Additionally, at 2.5 mm, the device is only about one millimeter longer than its natural counterpart.

The scientists hope that once developed further, the technology could be used in compact low-power hearing aids that are are better able to discern conversations from background noise, along with possible military applications.

Read original article . . 

A paper on the research was recently published in the journal Applied Physics Letters.

Sources: American Institute of PhysicsUniversity of Texas Austin






FCC Requires Closed Captioning Of IP-Delivered Video Clips

July 23, 2014 in Advocacy & Access, Captioning / Relay, Community News, Disability Law



News Release – July 11, 2014
Proposed Ruling Released – July 14,2014

New Rules Will Require Captioning of Certain Online Video Clips Beginning in 2016

Washington, D.C. – The Federal Communications Commission today approved new rules that will require closed captioning of video clips that are posted online. The new rules further the purpose of the Twenty-First Century Communications and Video Accessibility Act of 2010 (CVAA) by helping to ensure equal access to all forms of programming by individuals who are deaf or hard of hearing when they watch video content online.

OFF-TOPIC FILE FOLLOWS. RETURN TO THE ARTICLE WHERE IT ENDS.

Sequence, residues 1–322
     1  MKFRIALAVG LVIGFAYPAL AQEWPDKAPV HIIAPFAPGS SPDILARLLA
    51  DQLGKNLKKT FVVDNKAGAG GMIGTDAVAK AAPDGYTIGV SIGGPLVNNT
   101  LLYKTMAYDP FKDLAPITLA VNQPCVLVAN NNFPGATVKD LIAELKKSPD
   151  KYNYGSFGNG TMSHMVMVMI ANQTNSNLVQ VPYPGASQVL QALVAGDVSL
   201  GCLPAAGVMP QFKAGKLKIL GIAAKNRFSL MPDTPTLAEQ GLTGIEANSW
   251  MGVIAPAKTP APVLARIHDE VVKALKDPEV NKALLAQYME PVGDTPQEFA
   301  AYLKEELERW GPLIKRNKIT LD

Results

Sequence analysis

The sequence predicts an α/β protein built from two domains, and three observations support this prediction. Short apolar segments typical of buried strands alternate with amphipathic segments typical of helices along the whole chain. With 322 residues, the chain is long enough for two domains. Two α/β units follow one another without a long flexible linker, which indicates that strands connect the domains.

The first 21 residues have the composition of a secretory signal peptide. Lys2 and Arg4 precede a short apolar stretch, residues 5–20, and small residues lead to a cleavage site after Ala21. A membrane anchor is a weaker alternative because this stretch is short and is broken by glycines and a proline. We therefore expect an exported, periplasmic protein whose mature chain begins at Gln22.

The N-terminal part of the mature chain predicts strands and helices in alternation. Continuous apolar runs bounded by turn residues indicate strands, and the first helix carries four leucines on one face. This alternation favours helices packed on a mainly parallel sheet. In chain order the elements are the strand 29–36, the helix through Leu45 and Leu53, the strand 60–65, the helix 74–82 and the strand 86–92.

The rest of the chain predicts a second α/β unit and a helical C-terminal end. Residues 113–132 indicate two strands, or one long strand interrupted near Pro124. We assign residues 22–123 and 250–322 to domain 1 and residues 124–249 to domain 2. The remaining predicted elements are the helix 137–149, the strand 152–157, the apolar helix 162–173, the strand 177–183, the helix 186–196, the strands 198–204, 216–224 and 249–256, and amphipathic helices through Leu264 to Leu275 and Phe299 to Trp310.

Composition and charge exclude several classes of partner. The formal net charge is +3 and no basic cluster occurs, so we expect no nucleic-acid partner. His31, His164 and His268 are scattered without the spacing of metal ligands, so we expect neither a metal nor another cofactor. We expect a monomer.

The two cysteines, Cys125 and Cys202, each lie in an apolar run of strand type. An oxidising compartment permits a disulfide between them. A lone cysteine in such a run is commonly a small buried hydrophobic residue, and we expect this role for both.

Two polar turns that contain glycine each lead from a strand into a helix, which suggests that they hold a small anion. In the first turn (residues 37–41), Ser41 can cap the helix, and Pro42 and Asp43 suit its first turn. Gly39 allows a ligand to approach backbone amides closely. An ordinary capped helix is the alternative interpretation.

Specifically, the rules extend the Commission’s IP closed captioning rules adopted in 2012, which cover full-length videos online, to video clips if the original programming was shown on television in the United States with captions. The new rules apply to video programming distributors that air programming – including broadcasters and cable and satellite distributors— on television and then post clips of that programming on their own website or via their own mobile app. The new rules do not extend to third party websites or apps. Compliance deadlines vary based on the type of video clip. Specifically, a deadline of:

  • January 1, 2016, will apply to “straight lift” clips, which contain a single excerpt of a captioned
    television program with the same video and audio that was presented on television;
  • January 1, 2017, will apply to “montages,” which occur when a single file contains multiple straight lift clips; and
  • July 1, 2017, will apply to video clips of live and near-live television programming, such as news
    or sporting events. Distributors will have a grace period of 12 hours after the associated live
    video programming was shown on television and eight hours after the associated near-live video
    programming was shown on television before the clip must be captioned online in order to give
    distributors flexibility to post time-sensitive clips online without delay.

Finally, the requirements do not apply to video clips that are in the distributor’s online library before the
applicable compliance deadline because compliance for this category of video clips is considered to be
economically burdensome.

The Commission also issued a Second Further Notice of Proposed Rulemaking that asks for comment on
four related issues, including:

  • Application of the IP closed captioning rules to the provision of video clips by third party distributors not subject to today’s Order;